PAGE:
Above: Taylor jet-setting to her first Phelan-McDermid Syndrome Conference.
When my daughter Taylor was diagnosed with Phelan-McDermid Syndrome she was not quite 2 years old. In fact, at the time her syndrome didn’t even have a name. They told me she had a chromosome deletion called 22q13.3 deletion. They also handed me a packet of very general information about chromosome anomalies and gave me a website. After giving us ALL they had, they said do you have any questions. My husband and I smiled and said nope, we are good. We were dying inside, yet knew they had nothing more to offer us. It took a few weeks to digest, okay maybe a few months. I started researching and I went straight to the website the doctor gave me. It turned out that Taylor was one in about 450 kids in the WORLD with this type of chromosome abnormality. It is generally a random mutation in most children who have this, also true in Taylor’s case. My husband and myself were not carriers of this mutation. We were virtually alone. No doctors in our area had a clue what this was. Everything on the internet was not specific (not to mention scary) to Taylor so it was hard to gather facts that way. We were devastated. We had no idea what to expect or what was coming next. Words like non-verbal, seizures, heart problems, kidney problems, gross-motor delay, and yes-even mental retardation we flashing in our brains constantly. Alone. Scared. Helpless. Grief. Then, one night I was surfing around the website that the doctors had given us, www.pmsf.org. I found that there was support groups spread across the United States. I found that this very small group of people had found each other and come together to help one another. I joined a yahoo group that exchanged messages and posts about medical findings, questions, frustrations, and even triumphs. It saved me. Literally saved me. We found out that there was a bi-annual conference held in South Carolina where all of these people came together and met each other. We had to go. Soon people in our community were coming out of the woodwork to make sure we could attend this conference. The feeling of being alone was starting to fade, a bit. We began to receive support from everywhere. People we didn’t even know got involved. Our grief started fade, a bit. Finally, the day had come and we headed to South Carolina! It was the best week of our lives. We learned so much and met so many awesome people. We felt like we belonged somewhere. We felt like we fit in. We felt understood. People got us. AMEN. Now I am part of an amazing group on Facebook that is my saving grace. Without my Facebook group I do not know where I would be. I learn so much from the parents on that group. I have become great friends with people on that group, people I have never met. We help each other learn knew things about our kids. When I am confused, scared, need answers, or even to share our small victories- I turn to the group. Now the grief only hits once I awhile when you least expect it. Even though Taylor is still part of a very small group, now 1 in 1300, I know we are not alone.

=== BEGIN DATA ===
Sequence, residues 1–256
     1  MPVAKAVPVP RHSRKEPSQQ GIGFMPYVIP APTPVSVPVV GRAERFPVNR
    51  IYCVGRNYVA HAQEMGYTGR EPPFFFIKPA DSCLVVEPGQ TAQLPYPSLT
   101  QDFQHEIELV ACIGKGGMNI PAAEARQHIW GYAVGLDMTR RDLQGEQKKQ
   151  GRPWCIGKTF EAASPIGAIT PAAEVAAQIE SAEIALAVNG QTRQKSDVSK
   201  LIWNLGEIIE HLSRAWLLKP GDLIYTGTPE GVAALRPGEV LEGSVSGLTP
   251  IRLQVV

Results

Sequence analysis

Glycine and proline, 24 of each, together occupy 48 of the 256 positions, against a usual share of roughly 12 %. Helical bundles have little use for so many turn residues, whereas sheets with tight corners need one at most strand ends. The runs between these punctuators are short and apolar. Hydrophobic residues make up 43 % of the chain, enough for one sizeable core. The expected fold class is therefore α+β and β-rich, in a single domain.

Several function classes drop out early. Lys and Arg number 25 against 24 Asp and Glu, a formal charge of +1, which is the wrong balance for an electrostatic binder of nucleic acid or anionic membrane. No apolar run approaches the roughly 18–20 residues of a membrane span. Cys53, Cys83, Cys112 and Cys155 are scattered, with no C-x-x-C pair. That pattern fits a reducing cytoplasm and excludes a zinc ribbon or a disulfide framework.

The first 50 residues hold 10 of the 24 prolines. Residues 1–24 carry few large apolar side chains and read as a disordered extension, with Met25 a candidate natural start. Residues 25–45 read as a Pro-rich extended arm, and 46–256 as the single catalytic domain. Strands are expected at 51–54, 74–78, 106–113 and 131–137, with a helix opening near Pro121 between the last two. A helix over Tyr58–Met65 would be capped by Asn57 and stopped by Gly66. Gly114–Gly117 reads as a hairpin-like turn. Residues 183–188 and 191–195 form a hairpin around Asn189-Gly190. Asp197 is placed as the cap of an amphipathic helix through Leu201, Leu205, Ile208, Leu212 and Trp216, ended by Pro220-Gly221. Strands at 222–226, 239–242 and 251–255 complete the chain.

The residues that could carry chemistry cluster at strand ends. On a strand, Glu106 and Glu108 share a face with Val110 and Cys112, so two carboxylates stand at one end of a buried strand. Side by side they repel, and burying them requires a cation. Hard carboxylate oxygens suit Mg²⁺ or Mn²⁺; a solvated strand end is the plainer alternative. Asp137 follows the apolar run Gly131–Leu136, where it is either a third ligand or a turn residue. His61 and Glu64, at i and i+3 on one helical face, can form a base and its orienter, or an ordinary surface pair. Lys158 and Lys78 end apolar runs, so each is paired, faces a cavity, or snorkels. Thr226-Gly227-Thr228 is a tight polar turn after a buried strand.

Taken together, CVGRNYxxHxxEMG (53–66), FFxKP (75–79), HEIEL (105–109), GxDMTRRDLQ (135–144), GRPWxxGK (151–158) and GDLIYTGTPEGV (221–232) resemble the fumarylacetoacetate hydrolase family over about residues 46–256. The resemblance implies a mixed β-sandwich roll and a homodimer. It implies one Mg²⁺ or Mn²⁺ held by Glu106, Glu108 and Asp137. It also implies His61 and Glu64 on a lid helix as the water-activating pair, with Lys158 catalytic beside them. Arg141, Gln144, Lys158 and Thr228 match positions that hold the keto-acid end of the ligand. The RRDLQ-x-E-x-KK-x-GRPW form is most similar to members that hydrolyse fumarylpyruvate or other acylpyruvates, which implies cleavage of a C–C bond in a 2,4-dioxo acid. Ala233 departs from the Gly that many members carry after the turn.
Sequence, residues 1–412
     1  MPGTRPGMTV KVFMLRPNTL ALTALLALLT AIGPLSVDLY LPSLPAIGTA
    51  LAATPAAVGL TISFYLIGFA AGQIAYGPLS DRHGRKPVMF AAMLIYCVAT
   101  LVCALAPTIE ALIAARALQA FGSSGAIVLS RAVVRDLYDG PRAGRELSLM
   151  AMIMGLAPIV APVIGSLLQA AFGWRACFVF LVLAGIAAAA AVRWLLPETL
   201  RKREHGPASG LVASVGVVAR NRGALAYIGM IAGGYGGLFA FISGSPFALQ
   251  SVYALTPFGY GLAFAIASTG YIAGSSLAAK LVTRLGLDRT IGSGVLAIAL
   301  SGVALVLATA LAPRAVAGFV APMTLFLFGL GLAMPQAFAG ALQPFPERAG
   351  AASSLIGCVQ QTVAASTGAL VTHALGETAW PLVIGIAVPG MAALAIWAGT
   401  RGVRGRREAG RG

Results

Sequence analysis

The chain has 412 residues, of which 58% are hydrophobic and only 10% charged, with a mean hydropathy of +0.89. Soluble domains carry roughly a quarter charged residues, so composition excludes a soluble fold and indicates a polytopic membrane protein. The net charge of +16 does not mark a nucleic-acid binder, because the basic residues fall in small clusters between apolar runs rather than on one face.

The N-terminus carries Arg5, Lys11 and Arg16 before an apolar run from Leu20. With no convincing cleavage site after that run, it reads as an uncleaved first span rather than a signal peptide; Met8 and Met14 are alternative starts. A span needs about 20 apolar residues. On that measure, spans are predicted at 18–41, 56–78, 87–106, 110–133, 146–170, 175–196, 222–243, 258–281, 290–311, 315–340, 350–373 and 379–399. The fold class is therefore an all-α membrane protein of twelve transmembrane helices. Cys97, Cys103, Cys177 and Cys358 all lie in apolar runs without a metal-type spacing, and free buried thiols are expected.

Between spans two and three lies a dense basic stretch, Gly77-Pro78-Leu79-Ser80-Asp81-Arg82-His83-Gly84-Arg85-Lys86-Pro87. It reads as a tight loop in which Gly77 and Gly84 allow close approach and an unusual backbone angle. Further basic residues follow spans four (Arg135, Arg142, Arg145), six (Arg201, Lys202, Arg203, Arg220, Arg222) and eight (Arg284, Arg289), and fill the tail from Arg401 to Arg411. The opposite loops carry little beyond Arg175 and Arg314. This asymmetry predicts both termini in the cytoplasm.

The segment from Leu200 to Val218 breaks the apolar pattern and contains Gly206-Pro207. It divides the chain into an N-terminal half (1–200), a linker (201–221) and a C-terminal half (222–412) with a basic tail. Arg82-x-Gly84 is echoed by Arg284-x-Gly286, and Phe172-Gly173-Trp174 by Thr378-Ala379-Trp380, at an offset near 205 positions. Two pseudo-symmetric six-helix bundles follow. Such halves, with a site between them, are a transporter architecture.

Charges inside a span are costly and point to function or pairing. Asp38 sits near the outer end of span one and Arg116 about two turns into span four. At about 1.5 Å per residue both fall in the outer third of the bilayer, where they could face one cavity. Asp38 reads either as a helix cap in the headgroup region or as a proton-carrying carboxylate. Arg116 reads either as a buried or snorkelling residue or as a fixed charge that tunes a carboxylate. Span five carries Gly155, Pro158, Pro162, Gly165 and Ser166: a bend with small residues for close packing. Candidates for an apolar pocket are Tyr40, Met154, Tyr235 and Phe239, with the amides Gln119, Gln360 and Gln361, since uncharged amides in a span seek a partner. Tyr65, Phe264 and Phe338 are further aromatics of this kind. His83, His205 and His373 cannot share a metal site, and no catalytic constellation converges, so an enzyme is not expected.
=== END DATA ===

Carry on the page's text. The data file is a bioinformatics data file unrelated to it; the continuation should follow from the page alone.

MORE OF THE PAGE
Support can do so many things for you and your family. I don’t know where we would be without the support that our family has received from family, friends, the community, strangers, and my coveted Facebook group. Support has changed our family’s lives forever.
All of my experiences with support are why I joined Special Kids Special Love. I am there to give and receive support in any way that I can. There is so much power that comes from support. Without the support of so many I am frightened to think where we would be today.
Whatever is going on in your life, I strongly encourage you to find support! There is power and knowledge in numbers so surround yourself with like-minded people and gather everything you can from them. Talk with them, learn from them, cry with them, laugh with them, move mountains with them.